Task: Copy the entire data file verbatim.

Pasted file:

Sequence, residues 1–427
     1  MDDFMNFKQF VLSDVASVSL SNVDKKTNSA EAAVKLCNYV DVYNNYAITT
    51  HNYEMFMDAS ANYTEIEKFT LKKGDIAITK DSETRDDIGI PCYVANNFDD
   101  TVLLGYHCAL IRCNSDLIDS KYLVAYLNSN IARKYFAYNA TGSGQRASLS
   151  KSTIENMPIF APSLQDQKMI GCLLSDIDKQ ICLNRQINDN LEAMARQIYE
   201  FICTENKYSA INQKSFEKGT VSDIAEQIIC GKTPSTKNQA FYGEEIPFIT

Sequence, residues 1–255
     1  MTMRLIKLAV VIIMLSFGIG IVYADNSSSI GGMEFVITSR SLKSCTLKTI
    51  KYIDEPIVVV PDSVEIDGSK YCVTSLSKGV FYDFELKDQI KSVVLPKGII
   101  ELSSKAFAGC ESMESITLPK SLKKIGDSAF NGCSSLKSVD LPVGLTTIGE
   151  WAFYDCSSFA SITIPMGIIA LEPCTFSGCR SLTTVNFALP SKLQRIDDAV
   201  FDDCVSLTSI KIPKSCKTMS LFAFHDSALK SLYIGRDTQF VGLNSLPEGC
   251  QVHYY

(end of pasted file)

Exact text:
Sequence, residues 1–427
     1  MDDFMNFKQF VLSDVASVSL SNVDKKTNSA EAAVKLCNYV DVYNNYAITT
    51  HNYEMFMDAS ANYTEIEKFT LKKGDIAITK DSETRDDIGI PCYVANNFDD
   101  TVLLGYHCAL IRCNSDLIDS KYLVAYLNSN IARKYFAYNA TGSGQRASLS
   151  KSTIENMPIF APSLQDQKMI GCLLSDIDKQ ICLNRQINDN LEAMARQIYE
   201  FICTENKYSA INQKSFEKGT VSDIAEQIIC GKTPSTKNQA FYGEEIPFIT

Sequence, residues 1–255
     1  MTMRLIKLAV VIIMLSFGIG IVYADNSSSI GGMEFVITSR SLKSCTLKTI
    51  KYIDEPIVVV PDSVEIDGSK YCVTSLSKGV FYDFELKDQI KSVVLPKGII
   101  ELSSKAFAGC ESMESITLPK SLKKIGDSAF NGCSSLKSVD LPVGLTTIGE
   151  WAFYDCSSFA SITIPMGIIA LEPCTFSGCR SLTTVNFALP SKLQRIDDAV
   201  FDDCVSLTSI KIPKSCKTMS LFAFHDSALK SLYIGRDTQF VGLNSLPEGC
   251  QVHYY